Posted: Friday, March 30, 2012 10:00 am

SCOTT McCLAINE of Clatsop Coin asked the Ear why there were GREEN STRIPES on the street on 15TH STREET at Exchange and Duane streets. The Ear, who was buffaloed, and clearly unobservant, had never noticed them.

The Ear emailed SHERRI WILLIAMS at the city of Astoria, who saved the day: They are the outlines of the old original fort in Astoria. More than one member of the Astoria Public Works Department suggested the Ear contact local historian JOHN GOODENBERGER for the history of the stripes.

“The green stripes were repainted on the street during Astoria’s Bicentennial,” John said. He guesses they were originally put there around the time of Astoria’s 150th birthday.

“In 1958, the Clatsop County Historical Society turned to architect JOHN WICKS to provide construction drawings to build a memorial to Astor’s trading post,” he explained. “Wolmanized logs, left over from the reconstruction of the Fort Clatsop memorial, were used to construct the bastion seen today.”

“Local sign maker ARVID WUONOLA provided context by painting a mural on the wall behind the monument,” he continued. “The mural was repainted several times, most recently by ROGER McKAY and SALLY LACKAFF in 2002.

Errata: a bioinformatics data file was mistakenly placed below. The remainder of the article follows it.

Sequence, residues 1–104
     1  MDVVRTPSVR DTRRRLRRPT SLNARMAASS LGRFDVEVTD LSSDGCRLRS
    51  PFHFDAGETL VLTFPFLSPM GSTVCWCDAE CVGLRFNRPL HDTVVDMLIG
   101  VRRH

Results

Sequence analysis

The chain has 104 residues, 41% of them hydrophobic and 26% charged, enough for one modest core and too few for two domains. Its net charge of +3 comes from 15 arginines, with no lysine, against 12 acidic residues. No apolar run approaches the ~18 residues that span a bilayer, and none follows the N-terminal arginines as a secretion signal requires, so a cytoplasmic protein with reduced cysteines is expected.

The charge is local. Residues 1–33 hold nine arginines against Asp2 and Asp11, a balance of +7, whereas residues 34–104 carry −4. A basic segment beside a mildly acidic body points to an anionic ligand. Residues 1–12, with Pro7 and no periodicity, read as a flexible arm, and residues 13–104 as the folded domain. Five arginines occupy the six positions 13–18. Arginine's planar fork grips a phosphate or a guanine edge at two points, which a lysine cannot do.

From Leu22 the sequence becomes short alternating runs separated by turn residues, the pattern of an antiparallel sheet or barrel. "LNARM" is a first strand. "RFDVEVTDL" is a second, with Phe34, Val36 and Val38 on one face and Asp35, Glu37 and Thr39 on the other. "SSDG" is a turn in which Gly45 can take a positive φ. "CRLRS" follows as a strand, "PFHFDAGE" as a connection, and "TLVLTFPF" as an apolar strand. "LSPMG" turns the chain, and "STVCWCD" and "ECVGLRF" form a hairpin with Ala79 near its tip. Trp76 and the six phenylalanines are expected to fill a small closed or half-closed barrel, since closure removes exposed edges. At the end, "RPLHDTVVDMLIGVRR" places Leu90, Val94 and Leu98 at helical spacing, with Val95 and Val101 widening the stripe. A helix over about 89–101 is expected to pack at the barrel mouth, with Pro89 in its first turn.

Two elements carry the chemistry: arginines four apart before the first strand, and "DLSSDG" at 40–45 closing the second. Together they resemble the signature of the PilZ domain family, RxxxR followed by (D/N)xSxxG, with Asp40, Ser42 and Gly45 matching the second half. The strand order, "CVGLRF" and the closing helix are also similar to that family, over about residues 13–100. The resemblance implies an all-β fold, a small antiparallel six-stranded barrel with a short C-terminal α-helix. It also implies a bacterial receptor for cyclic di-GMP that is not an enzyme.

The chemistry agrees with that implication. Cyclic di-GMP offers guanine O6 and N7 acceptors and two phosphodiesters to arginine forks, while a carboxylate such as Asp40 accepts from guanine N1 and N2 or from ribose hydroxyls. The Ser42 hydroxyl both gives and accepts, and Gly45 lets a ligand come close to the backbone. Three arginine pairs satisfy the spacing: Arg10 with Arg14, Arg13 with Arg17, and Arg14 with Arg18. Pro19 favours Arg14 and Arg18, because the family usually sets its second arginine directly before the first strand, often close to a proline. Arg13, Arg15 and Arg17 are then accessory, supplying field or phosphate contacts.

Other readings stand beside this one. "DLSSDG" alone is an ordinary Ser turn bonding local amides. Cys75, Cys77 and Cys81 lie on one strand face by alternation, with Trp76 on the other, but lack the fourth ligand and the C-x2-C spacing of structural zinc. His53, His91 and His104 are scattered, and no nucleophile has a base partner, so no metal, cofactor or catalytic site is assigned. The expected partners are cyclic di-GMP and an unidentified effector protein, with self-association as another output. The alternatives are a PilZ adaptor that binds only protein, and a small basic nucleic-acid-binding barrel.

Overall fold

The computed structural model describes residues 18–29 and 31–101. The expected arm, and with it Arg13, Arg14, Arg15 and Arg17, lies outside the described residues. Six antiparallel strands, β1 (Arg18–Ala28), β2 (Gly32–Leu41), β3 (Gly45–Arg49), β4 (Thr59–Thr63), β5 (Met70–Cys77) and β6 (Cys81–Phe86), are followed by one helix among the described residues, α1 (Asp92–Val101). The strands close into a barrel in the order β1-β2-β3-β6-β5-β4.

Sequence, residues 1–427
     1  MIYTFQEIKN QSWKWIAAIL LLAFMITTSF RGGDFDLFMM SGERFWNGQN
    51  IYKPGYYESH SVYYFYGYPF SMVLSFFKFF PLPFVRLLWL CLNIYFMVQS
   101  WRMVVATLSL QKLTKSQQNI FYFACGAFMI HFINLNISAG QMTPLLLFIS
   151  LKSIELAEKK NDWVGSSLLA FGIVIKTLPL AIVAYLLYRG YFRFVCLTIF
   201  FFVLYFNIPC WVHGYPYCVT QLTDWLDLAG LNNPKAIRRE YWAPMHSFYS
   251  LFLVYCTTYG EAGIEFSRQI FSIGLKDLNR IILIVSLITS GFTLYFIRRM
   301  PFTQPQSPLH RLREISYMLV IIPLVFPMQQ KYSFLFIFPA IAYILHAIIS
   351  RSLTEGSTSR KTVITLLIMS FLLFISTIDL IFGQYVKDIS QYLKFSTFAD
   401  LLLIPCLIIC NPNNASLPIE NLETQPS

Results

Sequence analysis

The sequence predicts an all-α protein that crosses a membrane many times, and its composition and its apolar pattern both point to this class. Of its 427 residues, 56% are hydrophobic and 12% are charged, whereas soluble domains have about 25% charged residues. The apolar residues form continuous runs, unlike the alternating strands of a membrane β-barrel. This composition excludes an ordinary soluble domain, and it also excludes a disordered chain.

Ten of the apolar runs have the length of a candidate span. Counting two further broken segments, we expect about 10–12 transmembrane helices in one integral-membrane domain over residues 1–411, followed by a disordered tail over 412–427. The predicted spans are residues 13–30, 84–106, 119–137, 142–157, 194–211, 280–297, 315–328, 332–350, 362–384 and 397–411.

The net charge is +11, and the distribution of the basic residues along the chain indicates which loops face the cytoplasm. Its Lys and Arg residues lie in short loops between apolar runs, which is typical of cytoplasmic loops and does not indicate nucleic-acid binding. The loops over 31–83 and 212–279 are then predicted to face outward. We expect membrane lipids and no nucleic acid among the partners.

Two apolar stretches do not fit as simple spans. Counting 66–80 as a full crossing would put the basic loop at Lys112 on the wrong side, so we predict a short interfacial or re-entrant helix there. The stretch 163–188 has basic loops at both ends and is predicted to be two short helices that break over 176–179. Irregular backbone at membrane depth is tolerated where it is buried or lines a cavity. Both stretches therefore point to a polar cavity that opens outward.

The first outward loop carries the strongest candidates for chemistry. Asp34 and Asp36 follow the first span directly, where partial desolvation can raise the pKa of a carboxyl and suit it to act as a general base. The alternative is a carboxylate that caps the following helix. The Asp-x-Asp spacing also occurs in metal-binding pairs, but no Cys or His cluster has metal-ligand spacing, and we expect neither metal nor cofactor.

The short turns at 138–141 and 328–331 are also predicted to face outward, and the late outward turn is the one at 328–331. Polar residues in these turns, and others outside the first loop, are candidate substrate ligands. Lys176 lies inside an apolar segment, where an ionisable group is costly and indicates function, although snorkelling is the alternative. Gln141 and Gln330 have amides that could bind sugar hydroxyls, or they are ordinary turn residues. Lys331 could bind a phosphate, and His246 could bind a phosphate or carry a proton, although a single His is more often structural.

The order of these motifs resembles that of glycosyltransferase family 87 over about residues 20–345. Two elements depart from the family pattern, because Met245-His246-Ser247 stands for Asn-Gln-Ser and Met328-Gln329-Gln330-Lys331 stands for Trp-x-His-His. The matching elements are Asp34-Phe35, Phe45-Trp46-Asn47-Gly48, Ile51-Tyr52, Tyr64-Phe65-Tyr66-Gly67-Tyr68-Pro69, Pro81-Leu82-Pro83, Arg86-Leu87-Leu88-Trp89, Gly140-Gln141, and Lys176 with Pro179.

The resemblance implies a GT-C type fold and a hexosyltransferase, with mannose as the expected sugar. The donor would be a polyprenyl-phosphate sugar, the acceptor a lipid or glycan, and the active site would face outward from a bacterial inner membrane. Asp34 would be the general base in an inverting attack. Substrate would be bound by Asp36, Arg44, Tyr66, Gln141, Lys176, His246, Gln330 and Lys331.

“A site map of the old trading post is carved on the back side of the large wood sign adjacent to the bastion ... It is either based on a diary entry or, more likely, a military survey of the property.”

“But we will soon have the answers to these and more questions,” John added. “Clatsop Community College students will have the opportunity to work with Portland State University and Washington State University students on a` National Park Service guided archeological dig of the site this summer.” Stay tuned.

— Elleda Wilson

Reprinted with the permission of The Daily Astorian in Astoria, Oregon

Post office stamps a mystery

Posted: Friday, May 4, 2012 10:00 am

Here’s a history mystery for you. Not knowing what else to do with it, a Newport post office clerk gave STEVE WYATT, executive director of the LINCOLN COUNTY HISTORICAL SOCIETY, a single WORLD WAR II ERA PHOTO ALBUM PAGE someone left in the post office lobby several months before.

Steve’s research led him to believe the photos were likely taken at the liberation of one of the largest concentration camps, MAUTHAUSEN-GUSEN, in Passau, Lower Bavaria, Germany. It was also one of the last to be liberated.

Pictured, two of the photos: left, a mass funeral with rows of wooden coffins; and right, a soldier next to a street sign for “Passau” and “DEGGENDORF.” Deggendorf was a camp for displaced Jewish refugees.